I am part of a group of constitutional and property law scholars who have filed an amicus brief in, Horne v. Dept. of Agriculture, an important Supreme Court case that will determine whether a federal program that forces owners to turn over large quantities of raisins to the government creates a taking that requires compensation under the Fifth Amendment. The brief is available here.
The Ninth Circuit court of appeals rejected the owners’ claim in large part because it concluded that the just compensation requirement of the Takings Clause affords “less protection to personal [property]” such as the raisins, “than to real property” (real property is the legal term for property in land).
Our brief points out what should have been obvious from the start: the text, history, and original meaning of the Takings Clause Fifth Amendment does not distinguish between real and personal property. The text specifically references “private property” generally, and is not limited to any particular type of property right. Nor does it indicate that one type is given less protection than another. Moreover, as we note, the desire to protect personal property against government requisitions was one of the main reasons why the Takings Clause and similar provisions in state constitutions were adopted in the first place. Modern Supreme Court precedent also makes clear that personal property is protected against uncompensated seizure, no less than real property.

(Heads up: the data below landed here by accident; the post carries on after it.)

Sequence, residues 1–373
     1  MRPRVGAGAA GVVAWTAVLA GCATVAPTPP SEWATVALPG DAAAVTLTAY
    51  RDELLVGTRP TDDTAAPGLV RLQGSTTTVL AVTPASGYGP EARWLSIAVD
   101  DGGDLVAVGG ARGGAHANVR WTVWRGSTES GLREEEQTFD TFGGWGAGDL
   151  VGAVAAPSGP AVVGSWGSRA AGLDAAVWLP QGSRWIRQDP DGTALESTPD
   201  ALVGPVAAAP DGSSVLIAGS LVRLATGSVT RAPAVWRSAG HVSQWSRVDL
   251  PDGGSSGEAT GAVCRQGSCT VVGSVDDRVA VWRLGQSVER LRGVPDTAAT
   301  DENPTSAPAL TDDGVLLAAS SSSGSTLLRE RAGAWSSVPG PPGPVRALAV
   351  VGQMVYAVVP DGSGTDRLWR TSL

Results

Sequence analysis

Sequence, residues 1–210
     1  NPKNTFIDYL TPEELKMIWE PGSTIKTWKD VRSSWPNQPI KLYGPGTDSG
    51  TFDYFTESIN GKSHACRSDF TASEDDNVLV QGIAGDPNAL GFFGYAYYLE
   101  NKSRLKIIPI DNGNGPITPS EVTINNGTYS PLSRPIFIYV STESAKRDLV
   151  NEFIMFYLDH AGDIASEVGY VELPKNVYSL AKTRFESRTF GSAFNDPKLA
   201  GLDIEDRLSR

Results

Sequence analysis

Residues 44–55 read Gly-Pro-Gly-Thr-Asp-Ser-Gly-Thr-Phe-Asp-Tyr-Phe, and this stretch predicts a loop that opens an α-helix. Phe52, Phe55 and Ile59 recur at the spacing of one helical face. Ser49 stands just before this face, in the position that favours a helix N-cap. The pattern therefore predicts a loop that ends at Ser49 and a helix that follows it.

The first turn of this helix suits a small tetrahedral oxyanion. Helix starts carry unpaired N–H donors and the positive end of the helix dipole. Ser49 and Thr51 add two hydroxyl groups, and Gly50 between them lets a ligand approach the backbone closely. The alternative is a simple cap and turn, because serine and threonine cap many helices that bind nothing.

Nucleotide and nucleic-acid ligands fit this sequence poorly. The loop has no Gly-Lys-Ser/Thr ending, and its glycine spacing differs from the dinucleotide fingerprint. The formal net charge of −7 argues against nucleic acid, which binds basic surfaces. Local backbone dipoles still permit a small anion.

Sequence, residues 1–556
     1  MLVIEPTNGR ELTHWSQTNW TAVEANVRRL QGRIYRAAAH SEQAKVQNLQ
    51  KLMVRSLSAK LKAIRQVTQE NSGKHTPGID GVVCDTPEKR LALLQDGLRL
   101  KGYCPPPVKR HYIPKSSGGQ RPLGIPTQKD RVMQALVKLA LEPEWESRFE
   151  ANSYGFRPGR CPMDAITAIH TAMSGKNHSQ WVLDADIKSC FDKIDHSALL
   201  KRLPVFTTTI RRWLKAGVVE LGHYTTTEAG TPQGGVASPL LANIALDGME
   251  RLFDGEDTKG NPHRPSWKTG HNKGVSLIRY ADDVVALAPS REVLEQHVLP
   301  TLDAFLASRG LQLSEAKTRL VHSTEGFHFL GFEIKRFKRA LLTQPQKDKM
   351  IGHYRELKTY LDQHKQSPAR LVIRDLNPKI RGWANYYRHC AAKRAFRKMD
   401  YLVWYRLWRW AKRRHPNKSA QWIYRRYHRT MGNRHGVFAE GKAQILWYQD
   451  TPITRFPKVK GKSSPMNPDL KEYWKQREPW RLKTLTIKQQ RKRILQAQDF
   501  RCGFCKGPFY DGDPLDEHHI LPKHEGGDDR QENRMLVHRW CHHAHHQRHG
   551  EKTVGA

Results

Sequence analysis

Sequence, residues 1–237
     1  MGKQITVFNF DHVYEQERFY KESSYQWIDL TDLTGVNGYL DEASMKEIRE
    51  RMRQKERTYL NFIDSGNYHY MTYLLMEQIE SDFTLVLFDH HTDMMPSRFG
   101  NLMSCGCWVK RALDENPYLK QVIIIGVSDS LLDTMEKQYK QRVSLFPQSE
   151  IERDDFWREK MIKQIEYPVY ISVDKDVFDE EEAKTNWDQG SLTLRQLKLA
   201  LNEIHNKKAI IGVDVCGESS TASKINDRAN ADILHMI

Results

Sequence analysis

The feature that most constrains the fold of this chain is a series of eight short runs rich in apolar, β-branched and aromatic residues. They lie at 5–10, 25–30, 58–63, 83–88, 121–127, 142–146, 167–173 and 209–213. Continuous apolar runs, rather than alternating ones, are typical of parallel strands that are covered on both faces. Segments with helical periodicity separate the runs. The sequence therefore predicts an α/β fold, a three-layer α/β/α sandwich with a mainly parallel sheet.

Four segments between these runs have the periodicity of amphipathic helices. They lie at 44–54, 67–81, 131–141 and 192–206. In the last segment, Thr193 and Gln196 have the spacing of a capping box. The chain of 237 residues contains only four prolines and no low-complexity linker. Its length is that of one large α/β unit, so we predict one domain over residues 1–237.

The federal government also claims that there is no taking because the owners of the raisins benefit from the program that mandates their seizure. The purpose of the program is to artifically reduce the supply of raisins on the market, thereby creating a cartel that benefits producers. We point out that such benefits might reduce the amount of compensation the government owes. But it does not change the fact that a taking has occurred. Otherwise, the government could avoid paying full compensation in numerous other cases where property is taken by the state for purposes that might benefit the owners in some way. For example, if part of a coastal property is used by the government to build a military base, the owner may derive some benefit from the construction, because his remaining land may be more secure against attack. But that does not mean no taking has occurred, or that he is not entitled to full market value compensation.
The other signers include prominent academic experts on constitutional property rights, among them James Ely (Vanderbilt, author of The Guardian of Every Other Right: A Constitutional History of Property Rights), Nicole Garnett (Notre Dame), and my George Mason University colleague Adam Mossoff, as well as others.
Horne is one of the rare cases that that has gone to the Supreme Court twice. In 2013, the Court unanimously rejected the federal government’s claim that the property owners should not even be allowed to present their Takings Clause argument in federal court without first paying some $483,000 in fines and pursuing various likely futile administrative remedies.